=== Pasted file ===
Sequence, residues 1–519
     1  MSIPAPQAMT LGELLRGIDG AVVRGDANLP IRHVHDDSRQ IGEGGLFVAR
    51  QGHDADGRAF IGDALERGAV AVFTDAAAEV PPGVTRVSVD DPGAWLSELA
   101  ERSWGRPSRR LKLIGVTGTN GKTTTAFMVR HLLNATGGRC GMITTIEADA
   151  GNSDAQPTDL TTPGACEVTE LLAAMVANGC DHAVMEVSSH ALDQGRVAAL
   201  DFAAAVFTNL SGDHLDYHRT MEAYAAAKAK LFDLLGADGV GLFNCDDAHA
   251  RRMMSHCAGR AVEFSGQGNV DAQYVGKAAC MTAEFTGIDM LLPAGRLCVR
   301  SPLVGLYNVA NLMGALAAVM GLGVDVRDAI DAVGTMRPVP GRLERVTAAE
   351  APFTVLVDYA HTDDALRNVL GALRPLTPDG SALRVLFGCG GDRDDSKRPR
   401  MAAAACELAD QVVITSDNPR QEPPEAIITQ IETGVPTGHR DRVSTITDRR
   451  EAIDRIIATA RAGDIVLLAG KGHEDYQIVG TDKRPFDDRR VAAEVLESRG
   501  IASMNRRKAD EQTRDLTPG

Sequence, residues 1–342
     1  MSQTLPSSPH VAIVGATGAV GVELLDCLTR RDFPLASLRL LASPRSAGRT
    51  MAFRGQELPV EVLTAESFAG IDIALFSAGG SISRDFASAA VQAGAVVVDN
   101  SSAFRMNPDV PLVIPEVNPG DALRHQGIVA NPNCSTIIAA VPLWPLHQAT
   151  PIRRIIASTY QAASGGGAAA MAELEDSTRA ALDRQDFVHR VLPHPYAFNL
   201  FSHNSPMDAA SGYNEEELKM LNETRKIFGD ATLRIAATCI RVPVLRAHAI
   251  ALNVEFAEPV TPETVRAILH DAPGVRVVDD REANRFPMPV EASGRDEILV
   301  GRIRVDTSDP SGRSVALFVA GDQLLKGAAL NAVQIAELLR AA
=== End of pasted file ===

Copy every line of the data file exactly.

Sequence, residues 1–519
     1  MSIPAPQAMT LGELLRGIDG AVVRGDANLP IRHVHDDSRQ IGEGGLFVAR
    51  QGHDADGRAF IGDALERGAV AVFTDAAAEV PPGVTRVSVD DPGAWLSELA
   101  ERSWGRPSRR LKLIGVTGTN GKTTTAFMVR HLLNATGGRC GMITTIEADA
   151  GNSDAQPTDL TTPGACEVTE LLAAMVANGC DHAVMEVSSH ALDQGRVAAL
   201  DFAAAVFTNL SGDHLDYHRT MEAYAAAKAK LFDLLGADGV GLFNCDDAHA
   251  RRMMSHCAGR AVEFSGQGNV DAQYVGKAAC MTAEFTGIDM LLPAGRLCVR
   301  SPLVGLYNVA NLMGALAAVM GLGVDVRDAI DAVGTMRPVP GRLERVTAAE
   351  APFTVLVDYA HTDDALRNVL GALRPLTPDG SALRVLFGCG GDRDDSKRPR
   401  MAAAACELAD QVVITSDNPR QEPPEAIITQ IETGVPTGHR DRVSTITDRR
   451  EAIDRIIATA RAGDIVLLAG KGHEDYQIVG TDKRPFDDRR VAAEVLESRG
   501  IASMNRRKAD EQTRDLTPG

Sequence, residues 1–342
     1  MSQTLPSSPH VAIVGATGAV GVELLDCLTR RDFPLASLRL LASPRSAGRT
    51  MAFRGQELPV EVLTAESFAG IDIALFSAGG SISRDFASAA VQAGAVVVDN
   101  SSAFRMNPDV PLVIPEVNPG DALRHQGIVA NPNCSTIIAA VPLWPLHQAT
   151  PIRRIIASTY QAASGGGAAA MAELEDSTRA ALDRQDFVHR VLPHPYAFNL
   201  FSHNSPMDAA SGYNEEELKM LNETRKIFGD ATLRIAATCI RVPVLRAHAI
   251  ALNVEFAEPV TPETVRAILH DAPGVRVVDD REANRFPMPV EASGRDEILV
   301  GRIRVDTSDP SGRSVALFVA GDQLLKGAAL NAVQIAELLR AA